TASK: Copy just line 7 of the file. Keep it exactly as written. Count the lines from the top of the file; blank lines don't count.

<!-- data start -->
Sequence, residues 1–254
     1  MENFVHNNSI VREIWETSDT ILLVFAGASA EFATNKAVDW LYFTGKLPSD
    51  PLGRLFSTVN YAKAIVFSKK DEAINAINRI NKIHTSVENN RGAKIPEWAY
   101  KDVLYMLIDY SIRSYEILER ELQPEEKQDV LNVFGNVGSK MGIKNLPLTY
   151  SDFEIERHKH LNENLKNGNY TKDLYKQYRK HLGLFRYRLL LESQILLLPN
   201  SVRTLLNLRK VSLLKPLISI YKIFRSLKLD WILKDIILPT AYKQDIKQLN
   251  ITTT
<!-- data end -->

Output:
   251  ITTT